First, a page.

During our trip through various national parks, we came across a lot of wildlife. We love birds (we see so many in our backyard) and our favorite has to be the Steller’s Jay. Their colors are so powerful, and they make really funny and weird sounds.
The only western North American jay with a crest decorating its head, the Steller’s Jay is the darkest jay in North America. It turns up in the western U.S., Canada, and Mexico. Most notably, it turns up in the Rocky Mountains, one of our favorite national parks and one we visited on our trip.
The Steller’s Jay generally has a black or dark blue head with bright to silvery blue wings, tail, and stomach. It has a shaggy crest, sort of like a mohawk. It may have light blue streaking on the forehead. They are small to medium sized birds, with a size of about 11 inches and a wingspan of 17 inches. They are amazing, brightly colored birds.
They are sociable birds that can mimic various calls and sounds made by red-tailed hawks, chickens, squirrels (what? Why squirrels?), and cats amongst many other things. The Steller’s Jay’s song is a weird buzzy chirping. The birdcall is a scolding chip-chip-chip-chip-chip. However, their most common call may keep some people in their area awake. It’s actually really annoying. It made a warbling, chirping sound when we saw it.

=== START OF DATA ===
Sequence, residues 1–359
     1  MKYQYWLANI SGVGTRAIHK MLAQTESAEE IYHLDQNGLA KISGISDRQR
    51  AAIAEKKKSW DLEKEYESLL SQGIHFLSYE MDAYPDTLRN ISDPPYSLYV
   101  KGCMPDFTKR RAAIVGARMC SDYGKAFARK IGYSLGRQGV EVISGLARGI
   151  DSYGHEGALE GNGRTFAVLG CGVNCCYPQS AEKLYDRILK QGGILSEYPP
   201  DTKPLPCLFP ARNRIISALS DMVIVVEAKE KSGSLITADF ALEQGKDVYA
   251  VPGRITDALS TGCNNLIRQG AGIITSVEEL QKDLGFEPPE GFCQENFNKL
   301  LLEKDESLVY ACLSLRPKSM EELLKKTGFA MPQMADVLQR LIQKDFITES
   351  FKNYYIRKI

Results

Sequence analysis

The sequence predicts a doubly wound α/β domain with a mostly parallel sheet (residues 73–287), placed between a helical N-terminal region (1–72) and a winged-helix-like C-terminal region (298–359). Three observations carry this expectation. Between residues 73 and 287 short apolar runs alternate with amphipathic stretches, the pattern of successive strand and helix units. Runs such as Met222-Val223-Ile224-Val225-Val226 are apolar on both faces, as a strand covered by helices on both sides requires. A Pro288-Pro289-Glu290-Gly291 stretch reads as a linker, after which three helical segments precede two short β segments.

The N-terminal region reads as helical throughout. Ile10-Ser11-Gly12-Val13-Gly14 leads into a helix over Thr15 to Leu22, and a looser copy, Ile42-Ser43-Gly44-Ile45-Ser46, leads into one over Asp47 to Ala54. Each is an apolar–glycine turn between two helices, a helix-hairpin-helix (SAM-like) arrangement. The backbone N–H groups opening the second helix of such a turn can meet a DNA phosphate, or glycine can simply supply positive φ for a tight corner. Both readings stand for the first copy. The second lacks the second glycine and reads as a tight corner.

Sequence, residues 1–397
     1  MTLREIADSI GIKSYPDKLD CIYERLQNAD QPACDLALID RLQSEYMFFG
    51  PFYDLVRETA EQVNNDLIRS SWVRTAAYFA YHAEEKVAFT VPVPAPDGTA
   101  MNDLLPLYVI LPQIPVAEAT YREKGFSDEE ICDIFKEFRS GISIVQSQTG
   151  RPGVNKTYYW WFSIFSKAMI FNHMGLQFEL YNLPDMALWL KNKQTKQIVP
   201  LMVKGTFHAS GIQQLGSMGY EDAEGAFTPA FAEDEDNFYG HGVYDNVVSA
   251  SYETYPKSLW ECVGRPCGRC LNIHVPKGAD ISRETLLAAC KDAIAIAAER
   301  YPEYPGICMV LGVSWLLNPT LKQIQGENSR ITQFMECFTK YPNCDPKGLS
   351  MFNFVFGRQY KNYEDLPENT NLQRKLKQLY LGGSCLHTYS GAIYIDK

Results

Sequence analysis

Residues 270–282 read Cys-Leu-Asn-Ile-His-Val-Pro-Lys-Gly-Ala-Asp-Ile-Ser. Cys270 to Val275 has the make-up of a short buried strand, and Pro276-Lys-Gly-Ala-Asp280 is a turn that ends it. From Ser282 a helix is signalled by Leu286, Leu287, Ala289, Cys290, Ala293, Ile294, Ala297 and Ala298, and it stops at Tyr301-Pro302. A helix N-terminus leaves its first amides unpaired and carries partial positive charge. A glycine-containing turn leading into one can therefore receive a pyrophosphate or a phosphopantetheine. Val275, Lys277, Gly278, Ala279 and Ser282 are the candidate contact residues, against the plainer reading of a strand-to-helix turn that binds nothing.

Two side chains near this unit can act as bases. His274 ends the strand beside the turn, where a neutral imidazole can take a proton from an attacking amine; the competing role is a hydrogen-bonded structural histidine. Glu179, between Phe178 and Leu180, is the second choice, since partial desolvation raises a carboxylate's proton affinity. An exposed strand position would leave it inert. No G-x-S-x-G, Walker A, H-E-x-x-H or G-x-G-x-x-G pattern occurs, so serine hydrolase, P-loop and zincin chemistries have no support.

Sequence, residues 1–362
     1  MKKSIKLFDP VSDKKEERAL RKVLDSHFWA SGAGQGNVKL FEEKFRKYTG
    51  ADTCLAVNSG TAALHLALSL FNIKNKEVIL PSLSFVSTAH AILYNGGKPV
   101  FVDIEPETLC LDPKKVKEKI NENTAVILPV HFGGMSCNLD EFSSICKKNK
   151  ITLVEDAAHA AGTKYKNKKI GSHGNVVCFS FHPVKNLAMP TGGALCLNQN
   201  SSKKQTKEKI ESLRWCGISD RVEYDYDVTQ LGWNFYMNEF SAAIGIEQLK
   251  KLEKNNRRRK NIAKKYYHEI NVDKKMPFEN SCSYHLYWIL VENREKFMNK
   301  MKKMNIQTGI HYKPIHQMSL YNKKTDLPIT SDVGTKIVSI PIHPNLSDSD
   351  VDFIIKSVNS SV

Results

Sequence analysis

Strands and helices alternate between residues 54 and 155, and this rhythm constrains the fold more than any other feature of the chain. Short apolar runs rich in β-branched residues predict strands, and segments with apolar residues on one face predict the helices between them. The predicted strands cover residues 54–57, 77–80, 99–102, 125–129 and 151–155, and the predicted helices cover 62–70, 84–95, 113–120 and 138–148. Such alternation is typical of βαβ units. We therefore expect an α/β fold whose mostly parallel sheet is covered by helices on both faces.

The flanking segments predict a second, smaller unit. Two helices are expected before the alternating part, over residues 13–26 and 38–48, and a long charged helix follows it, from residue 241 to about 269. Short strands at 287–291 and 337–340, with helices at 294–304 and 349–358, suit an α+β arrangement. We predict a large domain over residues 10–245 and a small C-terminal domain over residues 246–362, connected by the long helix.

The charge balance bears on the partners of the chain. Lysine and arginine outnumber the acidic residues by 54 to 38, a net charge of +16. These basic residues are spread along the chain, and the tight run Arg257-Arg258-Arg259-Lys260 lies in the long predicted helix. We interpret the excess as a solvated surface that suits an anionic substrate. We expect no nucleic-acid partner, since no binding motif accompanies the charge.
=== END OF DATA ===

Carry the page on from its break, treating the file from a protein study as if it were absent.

Within their range, they like living in coniferous forests, pure ones especially, with some clear space. However, they will live in neighborhoods with a forest nearby, maybe yours.
They make nests made of twigs, mud and moss. Their newly hatched chicks are pink with a faint navy blue fuzz. You can tell fledglings from hatchlings by seeing wether or not there are wing feathers- the tail feathers don’t mean much.
Our sighting: We saw one perched on an aspen or birch stump on the Mills Lake trail in Rocky Mountain National Park. It looked at us with wide shiny eyes, and cocked it’s head like What? Who are you and what are you doing here? This is my tree. Go get your own. In our excitement, the photos were a bit blurry but clear enough to share.
P.S.: If you live in the range of the Steller’s Jay, you can attract some to your backyard by putting out peanuts, suet, fruits, or black oil sunflower seeds. If you out a couple feeders far apart, the medium sized families can all eat, and also, they love nesting in pine trees. And about pictures: good luck getting these guys to hold still. These blurry shots were the best we could get!
Citation: About- Birding
Rocky Mountain National Park